So what was wrong with the Pact? For Labour Prime Minister James Callaghan and Labour it was only a shotgun marriage of convenience, so there was no parity of esteem between the two parties. There was also a complete lack of parity of resources. Both of these were the same as in 1920s, as was the third problem – electoral reform. As in the 1920s, David Steel did not push the issue to breaking point, but McNally argued he had no alternative as Labour was not willing to move.

By contrast, in the Cook-Maclennan Labour/Lib Dem constitutional talks in the run up to 1997, the Liberal Democrats went in well-briefed and with a clear idea of what they wished to achieve, whilst Labour did not have a clear set of objectives. Back in the 1970s, the idea of working together was still to hard to stomach for Labour. There was no long term stability based on shared commitment and some shared objectives.

It was in 1999 that there was the next round of Labour / Lib Dem talks, a story taken up by David Laws. He is now MP for Yeovil but in 1999 he was the party’s Policy Director and gave advice to the Scottish Liberal Democrats on how to handle the hung Parliament when arose from the first elections to the Scottish Parliament. He talked about 6-13 May 1999: the specific period when the coalition agreement was put together.

David Laws’s seven rules for negotiations

During his talk, David Laws outlined seven rules of negotiation in hung (balanced) Parliaments for Liberal Democrats:

  1. There is huge pressure from the media and others which requires a deal to be struck quickly if at all.
  2. About 20% of colleagues will be happy with any sort of coalition, 30% will oppose any sort of coalition and the rest will decide on the details of the proposal.
  3. Any coalition has to address issues of policy substance.
  4. You have to be tough and prepared to walk away to get a good deal.
  5. But you can agree to postpone tackling some large complicated issues if more time is genuinely needed to work out a compromise – and if there is always the threat that the coalition will end if it isn’t reached.
  6. You need to get commitments in writing about the administrative details of how coalition government will work.
  7. Vigorous internal party debate over the proposed terms is vital for any deal to stick.

Recounting the events of 1999, he said he was struck at the time how, due to being heavily focused on fighting the elections, there was relatively little prior attention to what a coalition might involve. He had two documents to start with – a draft coalition document that had been going round the party since the 1970s, which was of very limited use, and the Scottish elections manifesto.

Laws therefore modelled his first draft of an agreement with the New Zealand coalition document he and Malcolm Bruce had studied on a prior visit there. That had a very detailed section on how a partnership would work, along with a section on each policy area.

There was – as always – huge pressure from the media to make very quick decisions after an election, despite the time that consultation takes and the exhaustion of everyone at the end of a campaign. Laws erred on the side of believing in the importance of speed, in part because of the need to build confidence that an arrangement would work.

The draft agreement went through detailed consultation with the party over two days, which then went over to Labour by Sunday evening. Labour’s response was an extremely brief document – only four sides – and which was not much of a coalition offer. It talked about “implementing Labour’s manifesto” and on the big issue of tuition fees only offered to monitor the situation for three years.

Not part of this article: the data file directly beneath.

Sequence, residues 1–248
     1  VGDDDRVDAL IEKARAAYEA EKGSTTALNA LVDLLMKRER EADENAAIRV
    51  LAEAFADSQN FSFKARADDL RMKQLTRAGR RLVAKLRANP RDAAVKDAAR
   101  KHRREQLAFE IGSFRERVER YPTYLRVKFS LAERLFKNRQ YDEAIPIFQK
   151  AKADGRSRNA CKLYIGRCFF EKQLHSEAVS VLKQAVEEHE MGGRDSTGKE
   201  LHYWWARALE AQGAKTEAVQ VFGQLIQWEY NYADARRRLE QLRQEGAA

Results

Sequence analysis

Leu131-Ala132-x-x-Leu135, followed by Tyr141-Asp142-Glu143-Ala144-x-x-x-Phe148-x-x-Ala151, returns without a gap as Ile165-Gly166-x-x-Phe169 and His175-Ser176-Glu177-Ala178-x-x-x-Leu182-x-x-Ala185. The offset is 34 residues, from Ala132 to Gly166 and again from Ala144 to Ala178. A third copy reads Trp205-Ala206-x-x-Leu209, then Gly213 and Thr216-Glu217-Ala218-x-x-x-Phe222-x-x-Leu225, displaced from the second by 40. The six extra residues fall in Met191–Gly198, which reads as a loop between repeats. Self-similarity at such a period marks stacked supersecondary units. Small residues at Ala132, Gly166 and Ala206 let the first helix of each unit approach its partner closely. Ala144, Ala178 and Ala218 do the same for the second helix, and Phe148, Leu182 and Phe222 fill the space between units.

One reason Laws did not believe this was sufficient is that as a rule of thumb across different situations, Laws warned that around 20% of a leader’s colleagues are keen on agreement and around 30% want no coalition under any circumstance. The rest are willing to be persuaded, which is why discussions have to be heavy on policy in order to convince them that an agreement will deliver enough of what they believe in.

The subsequent negotiation was very intensive. The civil servants were not impartial, very much seeing themselves as working for the largest party. Laws showed four different drafts of the agreement which were produced in just one afternoon.

Labour believed that the lure of ministerial jobs would eventually mean the Liberal Democrats would weaken their demands and agree. But by being clear that they would not fold, the Liberal Democrats extracted a much more substantive and amenable proposal.

Labour found it hard to understand the consultative internal processes the Liberal Democrats followed. But it was crucial, not just to how the party operates but also to making an agreement which could last – and it did. Michael Steed in questions raised the point that stability also came from fixed-term Parliaments for Scotland. In all the other cases talked about the Prime Minister had the nuclear option of calling a general election at any time.

Another question was from Michael Meadowcroft, who highlighted the lack of unity between the Asquith and Lloyd George camps in the early 1920s. He had met someone employed to work on a by-election of the time. The by-election team was based in one building, but split between the two camps over two floors – and the person he met was employed to run messages back and forth between them.

In concluding comments, Tom McNally highlighted how similar the lessons were from all the historical occasions, in particular the importance of a united party with a clear strategy and of party consultation, effectively but quickly. Martin Pugh echoed the point, talking of the need for personalities to gell across the agreement. Looking at MacDonald’s flaws which made him very difficult to deal with and put the Liberals on a hiding to nothing in the 1920s, he suggested Gordon Brown would similarly be impossible to deal with. Laws echoed this and recounted how Gordon Brown was brought in to the Scottish negotiations at one point and shifted his arguments around in a way which made negotiation extremely difficult. On that rather contemporary note, the meeting finished.

UPDATE: Reuters have a report of the meeting here.
UPDATE 2: David Laws’s ‘7 laws’ added above.